I wonder why I should be the one saying it, like I know all the answers. Maybe she expects me to—maybe it’s my turn now. Somewhere in the back of my heart, I know what it means to love. I know that I love my papa, I know that we’ll make it, I know that nothing is insurmountable. I know that I’ll do everything, everything, everything….to make this better. Because, papa, you’re going to be alive that day when I wear that black graduation cap and throw it up in the air with a smile as it reaches the heavens! Because you are going to be there when I excitedly bang open the door and tell you I got my driving license. You are going to be there when I buy you something spectacular with my first salary, or when I cook something totally ridiculous without salt which you’ll have to gorge through and fake encouragement.

Because you are going to be proud, when we change the world.

Call me selfish, but I sort of am. And I’ve been proud of who you’ve been all along. I tell them, I tell, “My papa went to IIT.” Or “he’s travelled so many countries.”

But next time, I’ll tell them “My papa loves me.” And that, just that--is enough. It's more than enough: it's my all.

And despite everything, don’t you love those moments that we are able to get together and laugh over something entirely stupid like the lame jokes of how someone’s kid ran for the swimming pool? I love it when we can laugh like that. I love how you laugh, and how it’s so continuous, genuine, just so priceless. It sounds like it could go on forever.

And to keep hearing that: again, again & again-- there is nothing in the world that I’d want more.

When you walked in and asked me today, “Aren’t you scared that by next week I’d have completed my chemo for BMT transplant?” I clicked my pen a couple of times before you left.

I know that wasn’t an answer, but the truth is I’m absolutely petrified, papa.

But there is a greater truth: You’ll be all right.

And at the heart of all matters, THAT is an answer I know.


The sun will shine


I wondered why it seemed so irrelevant to me, all this while. They had propounded philosophies, built stories, constructed morals, lessons. And to me, it only expressed itself with a gracious simplicity: happiness and love. That is all I ever made of it, and thought I lived on stable ground: an easy flatland, serving and eternal--like love was an immediate favor. But now, at the verge of uncertainty, hanging there precariously….I felt terror whip through me like flashes of blinding insight. Again, again and again. Distress was never more sudden.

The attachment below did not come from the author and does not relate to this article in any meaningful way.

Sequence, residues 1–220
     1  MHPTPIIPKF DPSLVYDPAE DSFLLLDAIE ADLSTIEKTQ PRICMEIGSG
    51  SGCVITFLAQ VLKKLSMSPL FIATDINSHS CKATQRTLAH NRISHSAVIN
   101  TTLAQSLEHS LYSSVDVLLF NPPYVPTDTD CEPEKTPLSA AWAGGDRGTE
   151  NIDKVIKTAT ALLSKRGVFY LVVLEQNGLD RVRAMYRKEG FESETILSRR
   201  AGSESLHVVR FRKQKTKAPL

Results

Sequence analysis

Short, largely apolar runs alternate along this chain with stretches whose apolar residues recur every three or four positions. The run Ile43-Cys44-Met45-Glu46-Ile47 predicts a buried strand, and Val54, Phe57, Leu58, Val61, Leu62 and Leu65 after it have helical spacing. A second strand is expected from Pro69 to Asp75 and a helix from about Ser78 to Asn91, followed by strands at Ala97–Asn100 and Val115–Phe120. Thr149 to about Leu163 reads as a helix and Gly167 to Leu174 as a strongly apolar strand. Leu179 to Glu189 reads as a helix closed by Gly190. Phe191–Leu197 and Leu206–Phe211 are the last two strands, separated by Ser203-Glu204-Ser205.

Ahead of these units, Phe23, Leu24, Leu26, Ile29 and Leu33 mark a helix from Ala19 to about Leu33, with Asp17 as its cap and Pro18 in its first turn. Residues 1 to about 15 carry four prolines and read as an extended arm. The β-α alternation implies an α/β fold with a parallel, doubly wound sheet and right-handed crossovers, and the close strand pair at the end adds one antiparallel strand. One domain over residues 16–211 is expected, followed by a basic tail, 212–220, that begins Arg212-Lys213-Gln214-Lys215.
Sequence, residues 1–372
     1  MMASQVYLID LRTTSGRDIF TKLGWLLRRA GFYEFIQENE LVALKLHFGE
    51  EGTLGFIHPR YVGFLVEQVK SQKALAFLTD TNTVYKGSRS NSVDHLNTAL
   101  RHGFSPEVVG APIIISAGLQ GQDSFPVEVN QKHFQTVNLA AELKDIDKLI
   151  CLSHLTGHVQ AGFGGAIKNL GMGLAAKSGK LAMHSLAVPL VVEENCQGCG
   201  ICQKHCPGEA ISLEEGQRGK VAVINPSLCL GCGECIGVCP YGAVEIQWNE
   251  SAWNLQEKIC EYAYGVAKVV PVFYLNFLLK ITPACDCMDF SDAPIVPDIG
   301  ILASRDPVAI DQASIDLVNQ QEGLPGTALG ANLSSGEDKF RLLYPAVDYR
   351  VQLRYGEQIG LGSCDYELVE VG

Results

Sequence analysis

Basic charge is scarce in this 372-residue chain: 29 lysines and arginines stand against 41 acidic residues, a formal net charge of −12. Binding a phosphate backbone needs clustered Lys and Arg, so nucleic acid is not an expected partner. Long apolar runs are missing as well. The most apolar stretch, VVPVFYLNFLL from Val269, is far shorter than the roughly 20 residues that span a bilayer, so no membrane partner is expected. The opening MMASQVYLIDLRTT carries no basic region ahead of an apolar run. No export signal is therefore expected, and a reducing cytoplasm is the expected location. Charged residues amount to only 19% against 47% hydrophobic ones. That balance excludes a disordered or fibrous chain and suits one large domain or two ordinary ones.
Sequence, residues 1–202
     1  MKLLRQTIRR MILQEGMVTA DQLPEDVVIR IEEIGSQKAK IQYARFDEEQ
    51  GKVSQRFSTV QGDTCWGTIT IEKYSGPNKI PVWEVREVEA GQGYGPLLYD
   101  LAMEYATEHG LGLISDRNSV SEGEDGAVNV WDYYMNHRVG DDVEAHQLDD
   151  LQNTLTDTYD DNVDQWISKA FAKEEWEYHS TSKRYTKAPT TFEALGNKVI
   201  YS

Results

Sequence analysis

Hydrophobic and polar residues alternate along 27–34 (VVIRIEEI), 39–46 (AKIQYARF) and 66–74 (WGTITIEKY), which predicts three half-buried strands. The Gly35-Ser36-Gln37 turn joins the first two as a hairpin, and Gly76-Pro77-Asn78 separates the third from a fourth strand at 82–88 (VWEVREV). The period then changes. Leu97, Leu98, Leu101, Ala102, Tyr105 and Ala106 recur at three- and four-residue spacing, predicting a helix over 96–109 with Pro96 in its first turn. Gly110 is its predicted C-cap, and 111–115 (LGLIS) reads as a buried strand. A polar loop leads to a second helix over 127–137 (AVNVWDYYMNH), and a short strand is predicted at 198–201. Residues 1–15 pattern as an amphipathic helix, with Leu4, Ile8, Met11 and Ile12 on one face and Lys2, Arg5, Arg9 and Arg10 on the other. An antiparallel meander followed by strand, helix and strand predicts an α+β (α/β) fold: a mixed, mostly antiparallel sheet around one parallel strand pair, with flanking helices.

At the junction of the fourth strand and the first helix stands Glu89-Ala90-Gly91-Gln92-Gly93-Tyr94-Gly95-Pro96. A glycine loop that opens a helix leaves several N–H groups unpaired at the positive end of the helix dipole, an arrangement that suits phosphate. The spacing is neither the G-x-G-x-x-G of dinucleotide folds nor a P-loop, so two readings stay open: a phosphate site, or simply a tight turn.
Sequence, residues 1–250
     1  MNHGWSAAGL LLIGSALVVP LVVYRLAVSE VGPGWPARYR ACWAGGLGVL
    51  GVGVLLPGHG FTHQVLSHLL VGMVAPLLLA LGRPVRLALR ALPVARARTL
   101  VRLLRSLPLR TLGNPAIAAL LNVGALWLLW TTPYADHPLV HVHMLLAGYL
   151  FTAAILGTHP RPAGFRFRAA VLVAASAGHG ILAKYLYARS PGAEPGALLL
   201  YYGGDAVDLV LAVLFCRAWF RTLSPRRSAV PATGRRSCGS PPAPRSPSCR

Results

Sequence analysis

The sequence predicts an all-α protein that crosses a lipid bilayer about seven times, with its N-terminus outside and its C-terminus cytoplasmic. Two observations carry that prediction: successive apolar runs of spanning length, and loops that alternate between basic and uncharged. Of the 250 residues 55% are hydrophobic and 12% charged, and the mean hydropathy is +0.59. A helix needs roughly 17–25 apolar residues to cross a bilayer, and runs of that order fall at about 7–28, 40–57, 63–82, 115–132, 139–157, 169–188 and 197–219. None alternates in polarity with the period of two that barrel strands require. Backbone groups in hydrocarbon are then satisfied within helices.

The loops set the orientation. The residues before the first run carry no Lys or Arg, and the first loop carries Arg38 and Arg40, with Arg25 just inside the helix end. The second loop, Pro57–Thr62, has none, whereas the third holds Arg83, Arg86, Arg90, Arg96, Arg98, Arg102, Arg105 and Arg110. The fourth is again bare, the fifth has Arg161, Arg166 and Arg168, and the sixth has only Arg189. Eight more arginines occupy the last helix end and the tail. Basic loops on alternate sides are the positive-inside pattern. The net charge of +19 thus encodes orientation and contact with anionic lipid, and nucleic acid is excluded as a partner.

Is it possible for a single day to change your entire existence? One word: Cancer. One thought: let him live. One hope: God. One binding force: Love. One expression: I cannot do without.

Papa has cancer. Papa has cancer, Papa has cancer….

And today morning, the only thought that occupied me was which eye-shadow would suit wedding wear. Sure. Life can change, and in a split second, take a turn of magnanimous proportions. There is such a brutal beauty to everything. And the wonder, the anguish, the hurt, the questions, the fear of it all, left me in the dark. Literally.

I tried not to be loud with the crying, as grandmother’s steady breathing ensured she was finally asleep. They had tried to be as consoling as humanly possible, but this was way beyond absolute repair. Shock is not an easy thing to handle, especially when it comes unexpected.

The soft blue curtains billowed, and the eerie other world into which I would never anymore belong stared back at me: an indistinguishable veil of velvet black feeding the blindness. Every soul, every neighbor, every known face would wake up and walk these streets to enjoy a normal day tomorrow, but I knew mine wouldn’t be the same. The unfairness was profound. As was the determination to endure and emerge: victorious. God would be the only friend.

That was going to be the longest nights of my life, bleak, degreeless and expanding to accommodate the daggers of questions that I threw at the invisible walls, at the past, at fate. It was unending and unbelievable that the scepter of longevity now rested in the hands of this evil disease, trickling through the blood of my favorite person in the whole wide world: authority with the totally wrong agents. I knew that I had no choice but to stand up, be brave and put on a fight. It was time to awaken a new me, uneasily called forth.

The violence of emotion rattled everything. There was only this darkness, this pain, this reality. The terror crawled up and through me: I’ve never known how to be brave, or responsible!!!